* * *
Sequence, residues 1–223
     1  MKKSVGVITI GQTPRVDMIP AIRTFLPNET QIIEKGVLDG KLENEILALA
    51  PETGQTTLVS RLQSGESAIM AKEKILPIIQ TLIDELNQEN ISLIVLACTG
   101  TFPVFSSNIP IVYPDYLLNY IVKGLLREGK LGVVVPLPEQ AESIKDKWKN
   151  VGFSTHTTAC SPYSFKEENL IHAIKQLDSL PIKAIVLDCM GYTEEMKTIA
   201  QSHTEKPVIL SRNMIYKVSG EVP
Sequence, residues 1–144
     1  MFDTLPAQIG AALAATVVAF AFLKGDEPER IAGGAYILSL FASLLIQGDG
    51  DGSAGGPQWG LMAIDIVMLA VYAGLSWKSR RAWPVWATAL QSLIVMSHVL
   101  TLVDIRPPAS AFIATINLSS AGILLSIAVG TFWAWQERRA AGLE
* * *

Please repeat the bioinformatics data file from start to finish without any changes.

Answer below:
Sequence, residues 1–223
     1  MKKSVGVITI GQTPRVDMIP AIRTFLPNET QIIEKGVLDG KLENEILALA
    51  PETGQTTLVS RLQSGESAIM AKEKILPIIQ TLIDELNQEN ISLIVLACTG
   101  TFPVFSSNIP IVYPDYLLNY IVKGLLREGK LGVVVPLPEQ AESIKDKWKN
   151  VGFSTHTTAC SPYSFKEENL IHAIKQLDSL PIKAIVLDCM GYTEEMKTIA
   201  QSHTEKPVIL SRNMIYKVSG EVP
Sequence, residues 1–144
     1  MFDTLPAQIG AALAATVVAF AFLKGDEPER IAGGAYILSL FASLLIQGDG
    51  DGSAGGPQWG LMAIDIVMLA VYAGLSWKSR RAWPVWATAL QSLIVMSHVL
   101  TLVDIRPPAS AFIATINLSS AGILLSIAVG TFWAWQERRA AGLE